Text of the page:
Open Mic and Poetry performance with Iris De Anda, Seeclawleek Guehosah, Rebecca Gonzales and Tara Evonne Trudell. ELA, NELA, Y SELA are California based poets on the move to share their poetry with the rest of the world.
Iris De Anda
Iris De Anda is a writer, activist, andpractitioner of the healing arts. A womyn of color of Mexican and Salvadorean descent. A native of Los Angeles she believes in the power of spoken word, poetry, storytelling, and dreams. She has been published in Mujeres de Maiz Zine, Loudmouth Zine: Cal State LA, OCCUPY SF poems from the movement, Seeds of Resistance, In the Words of Women, Twenty: In Memoriam, Revolutionary Poets Brigade Los Angeles Anthology, Frontera Esquina, Brooklyn & Boyle, and online at La Bloga. She is a moderator for Poets Responding to SB 1070. She currently hosts The Writers Underground Open Mic every Third Thursday of the month at the Eastside Cafe. Author of CODESWITCH: Fires From Mi Corazon.
Xitlalic Guijosa Osuna
Guayaba lover, swapmeetera, tlatoahni (poeta), hija de su madre, southeast-sider. X.G.O. is inspired by her madre, padre, abuelas y bisabuelas, sobrinas, sobrinos , e historias del tianguis, tias, tios, and everyone that will meet her. Con la pluma en la mano she is ready to create a better world.
Xitlalic Guijosa-Osuna has been writing since the age of 7 and started sharing her poetry at the age of 20. She has since been featured around the Los Angeles area and in college venues. X.G.O. believes that poetry as well as performing has help her become a better person and heal her mind and soul. Her poetry varies from everyday happenings, domestic abuse, memories of old friends and lovers, guayabas and their greatness.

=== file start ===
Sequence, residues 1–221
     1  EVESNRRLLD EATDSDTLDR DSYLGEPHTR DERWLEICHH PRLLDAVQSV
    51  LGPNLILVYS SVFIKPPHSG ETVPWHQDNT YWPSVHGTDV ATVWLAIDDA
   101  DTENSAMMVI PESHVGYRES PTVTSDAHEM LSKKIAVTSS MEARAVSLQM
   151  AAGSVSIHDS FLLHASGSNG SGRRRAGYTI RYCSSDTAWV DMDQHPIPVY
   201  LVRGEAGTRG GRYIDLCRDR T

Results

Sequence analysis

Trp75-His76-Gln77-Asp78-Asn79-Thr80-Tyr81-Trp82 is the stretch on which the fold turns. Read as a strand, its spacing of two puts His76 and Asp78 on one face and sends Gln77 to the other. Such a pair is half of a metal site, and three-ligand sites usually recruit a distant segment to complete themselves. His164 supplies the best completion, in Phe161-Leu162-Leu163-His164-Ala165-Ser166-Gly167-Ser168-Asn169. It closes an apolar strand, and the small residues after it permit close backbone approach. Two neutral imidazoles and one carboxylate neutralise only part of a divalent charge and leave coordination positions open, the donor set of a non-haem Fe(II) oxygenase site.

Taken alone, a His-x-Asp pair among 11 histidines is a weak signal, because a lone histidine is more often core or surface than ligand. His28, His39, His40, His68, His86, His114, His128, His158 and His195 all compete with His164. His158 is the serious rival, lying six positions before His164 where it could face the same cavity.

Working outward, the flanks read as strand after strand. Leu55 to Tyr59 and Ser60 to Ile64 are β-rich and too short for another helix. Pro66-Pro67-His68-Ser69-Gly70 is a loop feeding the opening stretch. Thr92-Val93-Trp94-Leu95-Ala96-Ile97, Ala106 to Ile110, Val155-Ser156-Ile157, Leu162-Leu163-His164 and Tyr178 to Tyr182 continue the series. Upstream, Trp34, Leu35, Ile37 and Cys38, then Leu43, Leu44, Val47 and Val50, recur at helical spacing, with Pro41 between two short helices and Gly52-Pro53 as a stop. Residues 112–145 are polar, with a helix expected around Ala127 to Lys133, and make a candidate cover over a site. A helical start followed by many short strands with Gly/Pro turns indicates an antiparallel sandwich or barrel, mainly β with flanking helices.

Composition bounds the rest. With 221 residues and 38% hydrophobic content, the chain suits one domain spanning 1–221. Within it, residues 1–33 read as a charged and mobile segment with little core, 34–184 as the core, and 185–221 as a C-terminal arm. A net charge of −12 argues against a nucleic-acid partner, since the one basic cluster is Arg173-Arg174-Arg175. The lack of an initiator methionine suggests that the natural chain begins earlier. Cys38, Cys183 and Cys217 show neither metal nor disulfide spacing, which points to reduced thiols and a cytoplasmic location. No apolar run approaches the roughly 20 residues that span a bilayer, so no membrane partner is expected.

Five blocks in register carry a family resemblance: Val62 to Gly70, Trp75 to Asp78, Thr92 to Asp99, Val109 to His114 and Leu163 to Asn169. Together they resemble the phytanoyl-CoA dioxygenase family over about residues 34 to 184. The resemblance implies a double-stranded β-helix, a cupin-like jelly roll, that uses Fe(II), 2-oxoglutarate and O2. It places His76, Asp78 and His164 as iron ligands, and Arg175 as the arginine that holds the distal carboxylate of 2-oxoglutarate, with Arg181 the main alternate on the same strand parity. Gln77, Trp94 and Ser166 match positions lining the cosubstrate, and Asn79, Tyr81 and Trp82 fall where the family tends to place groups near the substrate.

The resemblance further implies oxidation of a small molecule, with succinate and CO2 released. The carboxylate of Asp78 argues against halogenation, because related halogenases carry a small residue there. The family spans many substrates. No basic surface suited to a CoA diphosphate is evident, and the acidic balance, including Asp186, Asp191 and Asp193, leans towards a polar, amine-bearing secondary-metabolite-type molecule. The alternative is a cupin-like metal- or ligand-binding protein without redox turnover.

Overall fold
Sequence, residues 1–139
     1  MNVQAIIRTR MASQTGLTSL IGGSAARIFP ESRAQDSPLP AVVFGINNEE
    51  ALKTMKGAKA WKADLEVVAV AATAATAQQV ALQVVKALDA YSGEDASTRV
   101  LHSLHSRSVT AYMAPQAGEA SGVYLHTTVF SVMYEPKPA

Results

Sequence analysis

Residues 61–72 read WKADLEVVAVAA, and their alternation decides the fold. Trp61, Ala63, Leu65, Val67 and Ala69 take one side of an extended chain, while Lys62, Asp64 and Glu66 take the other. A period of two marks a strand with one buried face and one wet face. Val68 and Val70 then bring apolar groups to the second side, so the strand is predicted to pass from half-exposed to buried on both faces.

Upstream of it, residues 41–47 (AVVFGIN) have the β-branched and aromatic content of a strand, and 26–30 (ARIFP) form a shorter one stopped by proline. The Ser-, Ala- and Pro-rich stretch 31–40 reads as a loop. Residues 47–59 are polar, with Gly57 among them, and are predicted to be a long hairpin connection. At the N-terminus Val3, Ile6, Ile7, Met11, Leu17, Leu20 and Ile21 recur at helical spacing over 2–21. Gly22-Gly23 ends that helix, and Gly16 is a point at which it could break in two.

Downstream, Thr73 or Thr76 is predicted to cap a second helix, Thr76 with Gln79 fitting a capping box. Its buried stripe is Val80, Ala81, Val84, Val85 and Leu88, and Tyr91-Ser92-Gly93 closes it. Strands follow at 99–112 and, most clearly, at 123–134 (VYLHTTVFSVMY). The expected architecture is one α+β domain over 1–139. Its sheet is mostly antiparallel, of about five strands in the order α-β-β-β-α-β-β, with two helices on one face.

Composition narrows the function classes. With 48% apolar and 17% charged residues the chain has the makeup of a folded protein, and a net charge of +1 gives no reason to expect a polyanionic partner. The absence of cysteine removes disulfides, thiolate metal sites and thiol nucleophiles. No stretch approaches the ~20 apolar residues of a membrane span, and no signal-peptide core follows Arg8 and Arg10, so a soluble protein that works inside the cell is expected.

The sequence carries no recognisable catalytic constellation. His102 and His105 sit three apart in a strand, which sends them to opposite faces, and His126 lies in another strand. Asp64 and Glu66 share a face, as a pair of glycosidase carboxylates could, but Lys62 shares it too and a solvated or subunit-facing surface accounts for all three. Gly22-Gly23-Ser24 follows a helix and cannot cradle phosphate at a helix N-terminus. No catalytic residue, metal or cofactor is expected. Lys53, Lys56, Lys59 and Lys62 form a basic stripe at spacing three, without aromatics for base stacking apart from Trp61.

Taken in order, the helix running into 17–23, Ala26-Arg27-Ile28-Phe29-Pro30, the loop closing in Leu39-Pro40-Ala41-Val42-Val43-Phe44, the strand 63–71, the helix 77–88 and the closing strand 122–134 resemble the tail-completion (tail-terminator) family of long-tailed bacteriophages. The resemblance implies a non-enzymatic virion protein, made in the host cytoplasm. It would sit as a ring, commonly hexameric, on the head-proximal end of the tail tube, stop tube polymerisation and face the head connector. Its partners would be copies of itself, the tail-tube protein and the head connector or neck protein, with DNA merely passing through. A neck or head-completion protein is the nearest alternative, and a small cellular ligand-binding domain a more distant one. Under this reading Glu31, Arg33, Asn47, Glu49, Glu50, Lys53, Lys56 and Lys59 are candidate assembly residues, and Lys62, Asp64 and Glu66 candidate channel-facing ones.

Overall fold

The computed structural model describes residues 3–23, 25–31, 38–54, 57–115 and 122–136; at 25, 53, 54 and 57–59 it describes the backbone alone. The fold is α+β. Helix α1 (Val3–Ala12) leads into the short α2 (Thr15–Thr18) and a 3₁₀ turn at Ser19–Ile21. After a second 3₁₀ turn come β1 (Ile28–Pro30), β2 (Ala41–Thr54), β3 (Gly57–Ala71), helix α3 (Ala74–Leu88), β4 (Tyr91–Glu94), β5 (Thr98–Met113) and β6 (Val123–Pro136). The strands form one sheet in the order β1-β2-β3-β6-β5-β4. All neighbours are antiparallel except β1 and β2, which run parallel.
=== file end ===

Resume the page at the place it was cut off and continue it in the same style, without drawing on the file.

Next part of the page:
Cultivated by the sun and moon peeking past the shoes dangling from the phone lines, Rebecca Gonzales was raised and resides “one block East of El Pino.” in East Los Angeles .Rebecca’s work has been published in various literary anthologies and journals such as Brooklyn and Boyle, Hinchas de Poesia, the Mas Tequila Review, Literature for Life, Cipatli and others, she was the March 2014 winner of “The Poets of New York” series at the Bowery in New York City. She has three self-published books of poetry and, is currently working on a book of short stories poetry and prose. As a mother she is humbled as a poet she is obedient, and as a woman she is unapologetic.
Tomorrow at op.cit.
Thursday April 2 at 6pm
Amy Fusselman with Savage Park
Part memoir, part manifesto, this exploration of the underside of America’s obsession with safety is prompted by the author’s visit to a thrillingly alarming adventure playground in Tokyo
"How fully can the world be explored," asks Amy Fusselman " . . . if you are also trying not to die?"
On a visit to Tokyo with her family, Fusselman stumbles on Hanegi playpark, where children are sawing wood, hammering nails, stringing hammocks to trees, building open fires. When she returns to New York, her conceptions of space, risk, and fear are completely changed. Fusselman invites us along on her tightrope-walking expeditions with Philippe Petit and late night adventures with the Tokyo park-workers, showing that when we deprive ourselves, and our children, of the experience of taking risks in space, we make them less safe, not more so.